Analogous colours sit next to each other on the colour wheel. They usually work in harmony and create harmonious designs. Select a primary color to dominate, and the other two as support and/or accent colours
Complementary colours sit opposite each other on the color wheel (e.g. red and green). When used together, they create strikingly vibrant palletes. Use sparingly with enough balance of white space
Rectangle or tetradic colour scheme uses four colors arranged into two complementary pairs allowing plenty of possibilities for pallette variations. Allow one colour to be dominant, and then pay attention to the balance between the warm and cool.
Split-complementary colours is a variation of the complementary color scheme which creates a strong vibrant pallette, but has less tension. This is a good choice for beginners, because it is easier to apply than complementary colours.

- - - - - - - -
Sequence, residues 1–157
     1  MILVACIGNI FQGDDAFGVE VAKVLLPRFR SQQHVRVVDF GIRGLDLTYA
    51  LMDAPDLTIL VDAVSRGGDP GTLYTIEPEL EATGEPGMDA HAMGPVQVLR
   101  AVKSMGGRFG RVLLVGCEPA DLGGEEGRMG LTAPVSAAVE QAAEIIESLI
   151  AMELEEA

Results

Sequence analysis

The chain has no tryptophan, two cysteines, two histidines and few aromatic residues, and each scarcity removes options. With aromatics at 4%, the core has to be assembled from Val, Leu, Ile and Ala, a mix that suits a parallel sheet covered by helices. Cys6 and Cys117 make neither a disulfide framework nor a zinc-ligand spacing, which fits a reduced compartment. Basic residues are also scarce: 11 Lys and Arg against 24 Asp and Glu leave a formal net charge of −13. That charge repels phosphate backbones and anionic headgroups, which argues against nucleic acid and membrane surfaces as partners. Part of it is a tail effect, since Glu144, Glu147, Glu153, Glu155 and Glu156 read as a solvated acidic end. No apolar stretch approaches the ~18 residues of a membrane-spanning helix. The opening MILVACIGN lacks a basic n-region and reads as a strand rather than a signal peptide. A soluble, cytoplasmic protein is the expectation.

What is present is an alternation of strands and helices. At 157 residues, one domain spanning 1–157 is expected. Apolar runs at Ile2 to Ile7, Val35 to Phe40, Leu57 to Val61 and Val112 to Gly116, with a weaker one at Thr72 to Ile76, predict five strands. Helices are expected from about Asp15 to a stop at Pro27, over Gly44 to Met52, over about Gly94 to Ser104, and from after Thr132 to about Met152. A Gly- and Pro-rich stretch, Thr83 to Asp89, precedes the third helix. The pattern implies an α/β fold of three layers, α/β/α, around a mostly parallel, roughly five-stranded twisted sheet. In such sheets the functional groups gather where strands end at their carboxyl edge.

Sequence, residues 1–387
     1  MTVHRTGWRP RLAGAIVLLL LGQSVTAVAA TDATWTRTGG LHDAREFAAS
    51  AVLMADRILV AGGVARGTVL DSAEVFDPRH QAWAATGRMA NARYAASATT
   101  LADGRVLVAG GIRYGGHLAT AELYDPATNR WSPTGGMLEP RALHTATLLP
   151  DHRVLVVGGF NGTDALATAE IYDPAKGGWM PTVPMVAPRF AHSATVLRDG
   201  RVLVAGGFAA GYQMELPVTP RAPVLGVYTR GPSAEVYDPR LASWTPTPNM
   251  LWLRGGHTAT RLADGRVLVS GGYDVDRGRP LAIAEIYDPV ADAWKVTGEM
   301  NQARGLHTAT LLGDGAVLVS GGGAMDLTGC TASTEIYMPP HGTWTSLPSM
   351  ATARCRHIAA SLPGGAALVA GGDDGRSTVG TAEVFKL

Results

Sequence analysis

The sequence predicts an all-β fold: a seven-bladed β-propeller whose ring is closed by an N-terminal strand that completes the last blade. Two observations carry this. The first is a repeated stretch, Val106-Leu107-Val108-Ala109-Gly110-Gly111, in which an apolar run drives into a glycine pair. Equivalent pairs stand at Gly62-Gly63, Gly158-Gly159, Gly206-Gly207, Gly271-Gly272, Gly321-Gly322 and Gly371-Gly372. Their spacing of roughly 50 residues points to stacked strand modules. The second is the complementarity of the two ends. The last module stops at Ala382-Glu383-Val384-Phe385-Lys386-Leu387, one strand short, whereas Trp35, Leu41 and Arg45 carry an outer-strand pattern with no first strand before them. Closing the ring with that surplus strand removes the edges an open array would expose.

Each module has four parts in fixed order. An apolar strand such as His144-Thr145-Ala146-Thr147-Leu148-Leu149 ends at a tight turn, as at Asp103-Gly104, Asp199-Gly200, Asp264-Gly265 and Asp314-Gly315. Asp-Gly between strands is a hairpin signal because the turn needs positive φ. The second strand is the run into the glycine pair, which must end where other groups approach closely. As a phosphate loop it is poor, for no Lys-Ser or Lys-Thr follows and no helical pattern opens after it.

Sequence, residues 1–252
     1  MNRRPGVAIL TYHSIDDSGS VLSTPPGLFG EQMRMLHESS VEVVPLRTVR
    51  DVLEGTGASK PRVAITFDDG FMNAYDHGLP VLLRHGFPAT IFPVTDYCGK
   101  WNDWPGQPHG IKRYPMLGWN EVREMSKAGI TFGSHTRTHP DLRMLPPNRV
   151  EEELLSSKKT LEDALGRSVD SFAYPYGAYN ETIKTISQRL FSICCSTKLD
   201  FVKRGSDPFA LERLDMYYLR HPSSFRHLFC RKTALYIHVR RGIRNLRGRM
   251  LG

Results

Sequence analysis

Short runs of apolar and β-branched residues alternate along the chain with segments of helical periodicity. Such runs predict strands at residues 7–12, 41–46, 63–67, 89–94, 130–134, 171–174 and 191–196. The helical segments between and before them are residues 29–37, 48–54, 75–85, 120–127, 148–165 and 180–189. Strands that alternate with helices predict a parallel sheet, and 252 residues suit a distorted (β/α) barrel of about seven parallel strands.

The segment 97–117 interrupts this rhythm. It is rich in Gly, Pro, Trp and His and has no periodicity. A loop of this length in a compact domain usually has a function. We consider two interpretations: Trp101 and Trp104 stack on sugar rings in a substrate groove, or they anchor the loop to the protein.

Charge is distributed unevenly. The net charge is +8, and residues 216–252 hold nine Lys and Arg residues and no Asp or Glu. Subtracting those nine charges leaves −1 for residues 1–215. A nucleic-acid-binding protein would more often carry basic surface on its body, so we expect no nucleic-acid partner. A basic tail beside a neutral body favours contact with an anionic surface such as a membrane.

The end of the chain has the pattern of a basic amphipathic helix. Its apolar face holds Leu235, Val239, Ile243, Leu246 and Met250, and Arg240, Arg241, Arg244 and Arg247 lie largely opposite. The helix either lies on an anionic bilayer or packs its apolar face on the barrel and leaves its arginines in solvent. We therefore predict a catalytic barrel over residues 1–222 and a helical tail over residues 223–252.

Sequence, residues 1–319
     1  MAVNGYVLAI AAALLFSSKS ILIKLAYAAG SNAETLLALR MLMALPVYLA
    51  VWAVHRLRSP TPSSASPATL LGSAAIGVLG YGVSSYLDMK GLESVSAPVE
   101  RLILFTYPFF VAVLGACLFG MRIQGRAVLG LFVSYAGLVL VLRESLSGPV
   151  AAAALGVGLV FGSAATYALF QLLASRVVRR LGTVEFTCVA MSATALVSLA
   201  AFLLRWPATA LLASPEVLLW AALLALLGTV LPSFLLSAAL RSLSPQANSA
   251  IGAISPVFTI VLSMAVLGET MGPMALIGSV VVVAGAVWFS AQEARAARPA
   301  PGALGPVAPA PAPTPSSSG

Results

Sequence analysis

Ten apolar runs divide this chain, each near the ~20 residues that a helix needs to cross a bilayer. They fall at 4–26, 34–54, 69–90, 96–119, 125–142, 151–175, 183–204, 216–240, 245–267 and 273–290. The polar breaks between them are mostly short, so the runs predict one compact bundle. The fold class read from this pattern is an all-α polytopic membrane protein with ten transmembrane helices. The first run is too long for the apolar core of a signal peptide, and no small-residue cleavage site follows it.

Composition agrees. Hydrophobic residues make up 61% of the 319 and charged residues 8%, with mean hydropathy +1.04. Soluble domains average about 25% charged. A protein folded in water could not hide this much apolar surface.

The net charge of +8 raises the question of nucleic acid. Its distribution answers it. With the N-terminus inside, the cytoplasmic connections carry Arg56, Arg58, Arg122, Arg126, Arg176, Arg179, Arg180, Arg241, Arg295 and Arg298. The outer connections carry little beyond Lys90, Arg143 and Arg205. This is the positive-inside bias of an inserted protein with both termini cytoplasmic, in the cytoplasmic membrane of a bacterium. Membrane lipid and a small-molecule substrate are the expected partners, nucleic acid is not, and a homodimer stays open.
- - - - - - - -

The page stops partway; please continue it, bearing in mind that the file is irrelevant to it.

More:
Square color scheme is close to the rectangle, but with all colors spaced evenly around the colour wheel. Allow one colour to be dominant, and then pay attention to the balance between the warm and cool.
Triadic colours are evenly spaced around the color wheel in the shape of a triangle, and in general, tend to create vibrant pallettes. Select a primary color to dominate, and the other two as support and/or accent colours